The Great War is often depicted as an unexpected catastrophe. But for millions who had been living under imperialist rule, terror and degradation were nothing new.
Instead of remembering the first world war in a way that flatters our contemporary prejudices, we should recall what Hannah Arendt pointed out in The Origins of Totalitarianism – one of the west’s first major reckonings with Europe’s grievous 20th-century experience of wars, racism and genocide. Arendt observes that it was Europeans who initially reordered “humanity into master and slave races” during their conquest and exploitation of much of Asia, Africa and America. This debasing hierarchy of races was established because the promise of equality and liberty at home required imperial expansion abroad in order to be even partially fulfilled. We tend to forget that imperialism, with its promise of land, food and raw materials, was widely seen in the late 19th century as crucial to national progress and prosperity. Racism was – and is – more than an ugly prejudice, something to be eradicated through legal and social proscription. It involved real attempts to solve, through exclusion and degradation, the problems of establishing political order, and pacifying the disaffected, in societies roiled by rapid social and economic change.
...the global racial order that for centuries bestowed power, identity, security and status on its beneficiaries has finally begun to break down. Not even war with China, or ethnic cleansing in the west, will restore to whiteness its ownership of the Earth for ever and ever. Regaining imperial power and glory has already proven to be a treacherous escapist fantasy – devastating the Middle East and parts of Asia and Africa while bringing terrorism back to the streets of Europe and America – not to mention ushering Britain towards Brexit.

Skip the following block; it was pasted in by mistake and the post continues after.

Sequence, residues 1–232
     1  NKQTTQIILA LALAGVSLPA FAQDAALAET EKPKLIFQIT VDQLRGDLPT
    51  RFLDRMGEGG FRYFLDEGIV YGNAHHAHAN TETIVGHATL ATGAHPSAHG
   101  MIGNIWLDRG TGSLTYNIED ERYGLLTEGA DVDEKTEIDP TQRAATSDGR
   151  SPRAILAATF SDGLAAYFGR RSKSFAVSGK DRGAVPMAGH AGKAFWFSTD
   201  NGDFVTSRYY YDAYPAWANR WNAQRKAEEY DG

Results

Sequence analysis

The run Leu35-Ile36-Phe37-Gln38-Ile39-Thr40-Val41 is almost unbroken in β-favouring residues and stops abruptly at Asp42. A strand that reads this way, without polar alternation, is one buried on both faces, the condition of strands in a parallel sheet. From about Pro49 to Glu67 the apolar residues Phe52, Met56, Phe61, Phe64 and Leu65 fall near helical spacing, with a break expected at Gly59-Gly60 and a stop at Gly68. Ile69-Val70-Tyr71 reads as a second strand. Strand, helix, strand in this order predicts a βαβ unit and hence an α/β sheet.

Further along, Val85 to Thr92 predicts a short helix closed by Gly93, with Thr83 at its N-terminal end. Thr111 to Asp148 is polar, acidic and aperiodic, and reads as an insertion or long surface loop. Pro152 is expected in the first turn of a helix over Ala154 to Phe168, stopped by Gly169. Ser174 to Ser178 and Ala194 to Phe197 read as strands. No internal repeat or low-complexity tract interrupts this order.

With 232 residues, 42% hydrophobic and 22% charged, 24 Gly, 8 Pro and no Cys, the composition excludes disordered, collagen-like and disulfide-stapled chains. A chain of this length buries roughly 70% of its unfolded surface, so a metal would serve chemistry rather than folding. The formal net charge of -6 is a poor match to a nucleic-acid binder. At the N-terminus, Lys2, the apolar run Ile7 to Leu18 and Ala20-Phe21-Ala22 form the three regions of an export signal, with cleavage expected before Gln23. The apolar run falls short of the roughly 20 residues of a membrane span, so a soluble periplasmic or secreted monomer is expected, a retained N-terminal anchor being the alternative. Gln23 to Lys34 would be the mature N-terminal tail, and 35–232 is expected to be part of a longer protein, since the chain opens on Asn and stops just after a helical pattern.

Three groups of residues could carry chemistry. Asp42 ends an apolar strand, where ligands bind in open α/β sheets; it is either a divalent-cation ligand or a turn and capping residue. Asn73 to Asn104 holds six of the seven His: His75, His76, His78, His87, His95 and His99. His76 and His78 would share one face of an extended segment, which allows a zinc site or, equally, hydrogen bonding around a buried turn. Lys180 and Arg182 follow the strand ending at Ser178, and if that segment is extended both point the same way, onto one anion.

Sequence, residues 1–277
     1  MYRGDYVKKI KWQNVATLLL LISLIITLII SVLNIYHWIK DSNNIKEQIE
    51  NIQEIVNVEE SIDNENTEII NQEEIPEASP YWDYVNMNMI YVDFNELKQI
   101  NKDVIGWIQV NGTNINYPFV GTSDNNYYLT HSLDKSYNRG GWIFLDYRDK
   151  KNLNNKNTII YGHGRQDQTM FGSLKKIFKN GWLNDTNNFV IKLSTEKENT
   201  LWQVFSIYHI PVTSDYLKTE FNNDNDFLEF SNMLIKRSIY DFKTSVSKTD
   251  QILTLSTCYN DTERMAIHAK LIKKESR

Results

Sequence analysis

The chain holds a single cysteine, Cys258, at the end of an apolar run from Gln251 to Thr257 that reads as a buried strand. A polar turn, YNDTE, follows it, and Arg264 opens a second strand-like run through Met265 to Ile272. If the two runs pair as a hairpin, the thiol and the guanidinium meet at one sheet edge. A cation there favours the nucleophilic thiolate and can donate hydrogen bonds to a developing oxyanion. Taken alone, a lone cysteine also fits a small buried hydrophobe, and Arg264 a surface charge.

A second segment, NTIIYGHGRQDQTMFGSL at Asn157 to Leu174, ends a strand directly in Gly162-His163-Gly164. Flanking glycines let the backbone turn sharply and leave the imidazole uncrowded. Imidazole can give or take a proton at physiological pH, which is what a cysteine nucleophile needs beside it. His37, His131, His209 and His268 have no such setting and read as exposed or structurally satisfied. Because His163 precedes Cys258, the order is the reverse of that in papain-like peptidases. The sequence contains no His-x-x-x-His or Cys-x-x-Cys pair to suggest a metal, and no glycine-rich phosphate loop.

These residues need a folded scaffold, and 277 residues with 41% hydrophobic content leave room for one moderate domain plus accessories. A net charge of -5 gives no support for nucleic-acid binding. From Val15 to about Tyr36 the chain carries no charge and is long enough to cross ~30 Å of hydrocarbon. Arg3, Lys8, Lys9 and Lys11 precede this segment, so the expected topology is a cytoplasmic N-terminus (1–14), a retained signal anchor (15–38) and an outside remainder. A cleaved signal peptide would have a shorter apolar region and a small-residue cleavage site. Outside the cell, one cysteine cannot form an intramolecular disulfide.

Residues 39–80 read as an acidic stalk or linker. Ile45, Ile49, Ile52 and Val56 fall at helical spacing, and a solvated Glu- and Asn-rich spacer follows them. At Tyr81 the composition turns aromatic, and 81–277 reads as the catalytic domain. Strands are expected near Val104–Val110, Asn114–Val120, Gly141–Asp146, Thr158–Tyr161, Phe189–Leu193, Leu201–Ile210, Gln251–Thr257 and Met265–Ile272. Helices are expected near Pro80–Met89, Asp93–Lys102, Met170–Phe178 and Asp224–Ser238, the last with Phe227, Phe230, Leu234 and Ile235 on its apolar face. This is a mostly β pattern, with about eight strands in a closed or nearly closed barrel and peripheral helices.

No rousing quasi-imperialist ventures abroad can mask the chasms of class and education, or divert the masses, at home. Consequently, the social problem appears insoluble; acrimoniously polarised societies seem to verge on the civil war that Rhodes feared; and, as Brexit and Trump show, the capacity for self-harm has grown ominously.
This is also why whiteness, first turned into a religion during the economic and social uncertainty that preceded the violence of 1914, is the world’s most dangerous cult today. Racial supremacy has been historically exercised through colonialism, slavery, segregation, ghettoisation, militarised border controls and mass incarceration. It has now entered its last and most desperate phase with Trump in power.